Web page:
His 135-person office (Gehry barely knows how to use a computer) produces sometimes hundreds of digital iterations before they arrive at the combination of shapes and forms that meet all the necessary criteria. Having crunched the input from each of the project’s many consultants, Digital Project then breaks those shapes into buildable structural elements, and produces data to allow factories to fabricate those elements. When the process is complete, and it can take a while, there are no surprises during construction.
Gehry loves music. He has always had artists as friends, but his circle has expanded to musicians, including Gustavo Dudamel, Herbie Hancock, and Daniel Barenboim. He especially likes the way jazz players improvise around themes. His design process could be likened to structural jazz; he messes around with form over and over, getting the building to turn this way and that, iterating until he finds the version he wants to put down.
The software also enables Gehry to control costs. Once he has broken down the structural elements, he has a method for estimating how much the building will cost, based on volume, floor area, and exterior surfaces. Much has been written of the totality of Gehry’s vision—as one Bilbao Guggenheim employee put it, they can’t change so much as a fork in the restaurant without the approval of his office—but his obsession with costs is an equal plank of his success. “That’s my ego; I gotta do that,” says Gehry about bringing things in on budget. It may be that he learned the hard way that if he wants people to embrace his design ideas and way of building, he has to have a spotless budgetary record. He’s still smarting over Disney Hall cost overruns. “I have a letter from the county people that we delivered the building for [its budget of $207 million],” he says. “Several board members that tried to control it wasted $150 million. That’s all documented now, but I got blamed for it, as you can imagine.”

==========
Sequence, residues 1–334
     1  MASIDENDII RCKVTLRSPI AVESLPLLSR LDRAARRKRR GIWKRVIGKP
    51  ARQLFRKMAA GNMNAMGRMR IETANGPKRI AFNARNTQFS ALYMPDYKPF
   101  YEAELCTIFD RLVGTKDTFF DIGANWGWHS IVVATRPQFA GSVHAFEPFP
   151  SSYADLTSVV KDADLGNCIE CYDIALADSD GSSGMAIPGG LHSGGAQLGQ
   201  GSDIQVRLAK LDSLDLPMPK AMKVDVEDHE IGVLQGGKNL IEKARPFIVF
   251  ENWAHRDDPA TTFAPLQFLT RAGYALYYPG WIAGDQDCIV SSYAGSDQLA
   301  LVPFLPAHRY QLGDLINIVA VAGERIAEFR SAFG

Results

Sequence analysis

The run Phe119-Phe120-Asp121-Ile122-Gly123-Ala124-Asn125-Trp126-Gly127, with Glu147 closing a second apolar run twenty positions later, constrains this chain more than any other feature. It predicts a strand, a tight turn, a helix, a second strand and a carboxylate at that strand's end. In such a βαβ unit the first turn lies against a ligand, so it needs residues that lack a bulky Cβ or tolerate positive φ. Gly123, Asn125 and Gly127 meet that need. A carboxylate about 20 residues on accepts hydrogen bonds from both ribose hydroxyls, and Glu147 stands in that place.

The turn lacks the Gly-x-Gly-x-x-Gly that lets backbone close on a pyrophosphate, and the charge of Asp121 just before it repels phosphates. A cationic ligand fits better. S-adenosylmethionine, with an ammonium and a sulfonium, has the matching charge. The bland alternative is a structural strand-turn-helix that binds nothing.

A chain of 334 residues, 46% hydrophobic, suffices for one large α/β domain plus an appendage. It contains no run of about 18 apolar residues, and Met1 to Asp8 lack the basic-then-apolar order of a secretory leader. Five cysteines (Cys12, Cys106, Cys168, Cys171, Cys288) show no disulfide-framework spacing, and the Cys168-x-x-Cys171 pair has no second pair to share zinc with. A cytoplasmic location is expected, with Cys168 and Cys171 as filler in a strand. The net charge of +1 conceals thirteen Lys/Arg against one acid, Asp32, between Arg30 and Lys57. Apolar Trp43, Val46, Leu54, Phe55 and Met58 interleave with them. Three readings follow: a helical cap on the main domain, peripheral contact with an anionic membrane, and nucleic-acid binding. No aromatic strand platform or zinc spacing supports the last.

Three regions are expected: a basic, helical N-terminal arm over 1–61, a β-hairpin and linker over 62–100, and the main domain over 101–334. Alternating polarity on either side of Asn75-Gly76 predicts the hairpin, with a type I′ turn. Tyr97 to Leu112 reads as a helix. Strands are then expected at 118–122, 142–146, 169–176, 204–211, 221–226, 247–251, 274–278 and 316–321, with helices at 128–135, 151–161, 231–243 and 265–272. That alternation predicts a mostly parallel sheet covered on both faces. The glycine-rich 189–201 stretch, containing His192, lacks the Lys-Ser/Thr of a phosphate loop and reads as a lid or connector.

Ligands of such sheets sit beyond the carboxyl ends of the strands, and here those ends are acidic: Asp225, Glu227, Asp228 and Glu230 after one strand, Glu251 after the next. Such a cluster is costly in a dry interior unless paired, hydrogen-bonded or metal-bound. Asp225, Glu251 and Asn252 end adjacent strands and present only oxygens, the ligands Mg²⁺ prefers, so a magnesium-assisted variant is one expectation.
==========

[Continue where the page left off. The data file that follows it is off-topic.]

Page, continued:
Gehry’s are among a tiny proportion of projects—0.5%, according to figures collected by Bent Flyvbjerg, a management professor at Oxford University and IT University of Copenhagen—that deliver on time and on budget and provide the economic benefit that they were intended to, whether it was to bring in more foot traffic, make transport more efficient, or elevate a city among tourists, investors, or developers. “What Frank Gehry accomplished in Bilbao and elsewhere is astonishing,” says Flyvbjerg, whose book on the economics of building projects, How Big Things Get Done, analyzed cost data on 16,000 built structures from the past 87 years, including very mundane projects. “Nobody is doing what he’s doing. Nobody has done these crazy things with materials.”